number, I would just wait until the end, and mass-update.

But as you know, you can't create an Update query using an aggregate
funciton.

So say I have:

Record # 123:

Table Field A: 10
Table Field B: 5
Table Field C: 20

I want Table Field D to be Dmax(A, B, C). In this case I would want 20
stored in this field.

Is there any way I can run an update query, pull out the DMax of that
record, and store it in a field of the same record?

Thanks,

Chris
Update mytable set D = iif(a>=b, iif(a>=c, a, c), iif(b>=c, b, c ) )
where (a is not null and b is not null and c is not null);

Please try it, I haven't tested it... if you can't filter out null
values like I did, you'll most likely have to process them separately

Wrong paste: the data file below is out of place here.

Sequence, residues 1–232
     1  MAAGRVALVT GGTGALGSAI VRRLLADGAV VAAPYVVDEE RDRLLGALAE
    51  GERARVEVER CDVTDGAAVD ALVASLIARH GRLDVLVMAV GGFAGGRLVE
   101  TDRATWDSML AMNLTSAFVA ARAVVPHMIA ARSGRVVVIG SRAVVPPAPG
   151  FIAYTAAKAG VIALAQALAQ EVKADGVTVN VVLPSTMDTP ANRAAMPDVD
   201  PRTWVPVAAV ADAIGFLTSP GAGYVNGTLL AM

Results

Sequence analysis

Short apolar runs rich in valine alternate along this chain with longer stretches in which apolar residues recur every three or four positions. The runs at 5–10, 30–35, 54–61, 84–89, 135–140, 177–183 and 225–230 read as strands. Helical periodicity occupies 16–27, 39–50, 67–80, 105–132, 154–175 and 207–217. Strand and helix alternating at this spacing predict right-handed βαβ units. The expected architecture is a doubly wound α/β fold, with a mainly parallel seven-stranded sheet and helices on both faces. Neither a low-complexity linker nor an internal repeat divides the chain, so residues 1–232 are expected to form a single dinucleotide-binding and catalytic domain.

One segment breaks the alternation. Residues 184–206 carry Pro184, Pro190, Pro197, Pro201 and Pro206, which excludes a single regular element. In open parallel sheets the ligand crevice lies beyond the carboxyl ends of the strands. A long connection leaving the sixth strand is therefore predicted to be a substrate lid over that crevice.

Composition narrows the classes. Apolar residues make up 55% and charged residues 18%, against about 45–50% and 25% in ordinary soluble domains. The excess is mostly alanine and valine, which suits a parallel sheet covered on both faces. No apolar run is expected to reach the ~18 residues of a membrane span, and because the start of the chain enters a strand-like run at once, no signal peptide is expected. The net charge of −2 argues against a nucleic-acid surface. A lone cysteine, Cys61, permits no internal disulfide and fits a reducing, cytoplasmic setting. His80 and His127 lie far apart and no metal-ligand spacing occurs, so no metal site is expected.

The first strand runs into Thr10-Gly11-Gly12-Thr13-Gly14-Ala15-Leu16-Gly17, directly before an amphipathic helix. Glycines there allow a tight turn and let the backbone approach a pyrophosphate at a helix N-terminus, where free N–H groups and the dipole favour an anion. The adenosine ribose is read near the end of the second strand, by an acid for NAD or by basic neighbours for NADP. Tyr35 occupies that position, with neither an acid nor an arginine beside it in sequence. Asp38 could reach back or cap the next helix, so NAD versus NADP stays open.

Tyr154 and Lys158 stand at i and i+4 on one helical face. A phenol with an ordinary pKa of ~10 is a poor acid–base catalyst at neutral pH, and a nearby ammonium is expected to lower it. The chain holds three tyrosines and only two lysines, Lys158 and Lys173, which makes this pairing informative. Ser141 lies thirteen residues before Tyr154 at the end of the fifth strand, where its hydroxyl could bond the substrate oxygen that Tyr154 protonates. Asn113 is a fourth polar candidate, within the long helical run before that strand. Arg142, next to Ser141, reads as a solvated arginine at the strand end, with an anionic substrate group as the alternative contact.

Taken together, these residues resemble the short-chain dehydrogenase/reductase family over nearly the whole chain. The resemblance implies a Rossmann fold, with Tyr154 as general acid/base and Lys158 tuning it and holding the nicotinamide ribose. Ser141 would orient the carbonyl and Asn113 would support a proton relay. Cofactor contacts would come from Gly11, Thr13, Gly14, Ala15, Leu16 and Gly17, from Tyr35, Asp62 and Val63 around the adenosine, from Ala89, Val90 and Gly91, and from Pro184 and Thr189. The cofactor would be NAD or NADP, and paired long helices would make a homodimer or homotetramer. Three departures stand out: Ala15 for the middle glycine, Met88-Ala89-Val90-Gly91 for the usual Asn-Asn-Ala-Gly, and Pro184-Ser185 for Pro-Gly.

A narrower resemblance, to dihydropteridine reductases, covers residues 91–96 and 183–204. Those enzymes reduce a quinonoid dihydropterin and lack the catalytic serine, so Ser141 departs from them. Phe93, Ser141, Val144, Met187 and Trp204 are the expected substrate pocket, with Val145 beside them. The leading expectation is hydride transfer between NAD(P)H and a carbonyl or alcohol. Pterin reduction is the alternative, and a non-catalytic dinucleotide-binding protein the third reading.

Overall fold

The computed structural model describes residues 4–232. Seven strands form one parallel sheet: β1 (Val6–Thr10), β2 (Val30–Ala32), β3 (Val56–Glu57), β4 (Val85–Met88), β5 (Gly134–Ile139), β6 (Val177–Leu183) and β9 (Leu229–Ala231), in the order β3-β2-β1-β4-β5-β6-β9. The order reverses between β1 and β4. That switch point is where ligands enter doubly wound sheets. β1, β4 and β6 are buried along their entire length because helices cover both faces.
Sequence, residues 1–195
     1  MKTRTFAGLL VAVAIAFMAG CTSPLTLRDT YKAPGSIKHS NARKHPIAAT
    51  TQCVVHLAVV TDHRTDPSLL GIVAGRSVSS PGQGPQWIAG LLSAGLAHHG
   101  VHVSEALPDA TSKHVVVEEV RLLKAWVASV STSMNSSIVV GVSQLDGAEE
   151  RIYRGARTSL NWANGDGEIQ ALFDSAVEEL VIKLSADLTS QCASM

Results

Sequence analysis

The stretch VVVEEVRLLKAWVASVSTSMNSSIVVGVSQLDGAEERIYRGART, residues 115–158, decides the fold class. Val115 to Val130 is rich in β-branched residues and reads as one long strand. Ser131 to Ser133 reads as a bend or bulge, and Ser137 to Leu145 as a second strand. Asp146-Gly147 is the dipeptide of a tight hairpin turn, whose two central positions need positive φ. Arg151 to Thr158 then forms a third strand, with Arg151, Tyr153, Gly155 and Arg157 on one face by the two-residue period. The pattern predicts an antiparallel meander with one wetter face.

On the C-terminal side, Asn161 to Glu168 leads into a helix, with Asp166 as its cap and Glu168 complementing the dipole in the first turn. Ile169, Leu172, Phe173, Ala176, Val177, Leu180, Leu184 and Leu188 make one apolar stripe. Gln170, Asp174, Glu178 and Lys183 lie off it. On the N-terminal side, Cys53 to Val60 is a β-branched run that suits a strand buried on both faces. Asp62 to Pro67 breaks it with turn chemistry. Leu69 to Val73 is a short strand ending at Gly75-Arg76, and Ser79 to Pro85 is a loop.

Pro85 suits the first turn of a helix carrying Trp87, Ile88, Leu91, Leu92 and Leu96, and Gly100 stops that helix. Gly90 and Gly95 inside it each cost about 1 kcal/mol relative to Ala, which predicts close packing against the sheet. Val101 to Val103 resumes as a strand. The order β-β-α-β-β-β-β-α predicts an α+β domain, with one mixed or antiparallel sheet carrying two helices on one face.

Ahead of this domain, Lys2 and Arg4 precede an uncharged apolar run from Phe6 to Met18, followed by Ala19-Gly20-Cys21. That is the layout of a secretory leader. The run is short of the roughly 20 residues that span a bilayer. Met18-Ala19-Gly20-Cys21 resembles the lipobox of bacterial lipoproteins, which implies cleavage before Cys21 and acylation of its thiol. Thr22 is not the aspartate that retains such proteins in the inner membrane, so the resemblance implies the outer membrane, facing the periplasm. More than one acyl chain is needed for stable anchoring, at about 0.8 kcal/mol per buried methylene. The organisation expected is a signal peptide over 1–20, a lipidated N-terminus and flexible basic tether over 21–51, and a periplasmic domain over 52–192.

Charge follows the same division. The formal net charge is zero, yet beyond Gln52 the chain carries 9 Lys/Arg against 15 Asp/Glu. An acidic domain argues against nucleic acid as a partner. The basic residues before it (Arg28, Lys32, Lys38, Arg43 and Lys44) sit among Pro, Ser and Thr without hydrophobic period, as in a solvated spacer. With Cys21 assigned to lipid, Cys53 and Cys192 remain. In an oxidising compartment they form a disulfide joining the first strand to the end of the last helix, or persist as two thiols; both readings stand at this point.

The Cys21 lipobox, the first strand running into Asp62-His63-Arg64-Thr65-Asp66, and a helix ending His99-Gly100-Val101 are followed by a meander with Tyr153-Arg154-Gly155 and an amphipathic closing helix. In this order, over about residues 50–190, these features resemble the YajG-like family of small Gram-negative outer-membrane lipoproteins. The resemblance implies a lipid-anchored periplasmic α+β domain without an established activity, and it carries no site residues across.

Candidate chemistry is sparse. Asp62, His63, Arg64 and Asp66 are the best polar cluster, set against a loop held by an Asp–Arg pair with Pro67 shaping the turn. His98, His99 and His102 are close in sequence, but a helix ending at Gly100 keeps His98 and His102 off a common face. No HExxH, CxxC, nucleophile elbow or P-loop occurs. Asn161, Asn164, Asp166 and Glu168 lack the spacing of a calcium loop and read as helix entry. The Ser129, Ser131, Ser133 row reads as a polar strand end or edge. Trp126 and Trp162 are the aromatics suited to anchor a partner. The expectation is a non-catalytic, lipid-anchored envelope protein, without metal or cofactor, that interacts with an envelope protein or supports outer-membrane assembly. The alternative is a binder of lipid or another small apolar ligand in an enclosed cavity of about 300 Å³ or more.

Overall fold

(have a look at NZ function)

Jul 25 '07 #2

P: n/a
"wrldruler" <fi******@hotmail.comwrote
First, I know it's against "Access Law" to
save calculations in a table, but....I want/need to.
You need to learn to be more precise. What you stated first is not so...
what is so is that you should not store in a Field in a Record a value that
can be calculated when needed from other Fields in the same Record. What you
stated second is only partly true: you may want to store the largest value
of three Fields in another Field in the same Record, but you definitely do
not _NEED_ to.
I currently have sub-totals being calculated inside
a form, using DMax, DCount, and DSum. But these
aggregate functions are slowing down the interface
and annoying me. So I have decided not to show sub-
totals on the form.
You may be using DMax, DCount, and DSum in calculations. If you think they
are working on values within the same Record, as is clear you expect for
DMax in a later statement here, then you are in for some surprises. DMax is
not the same as the MAX function from Excel, and DSum is not the same as the
SUM function from Excel. Why you would use a Count function on Fields that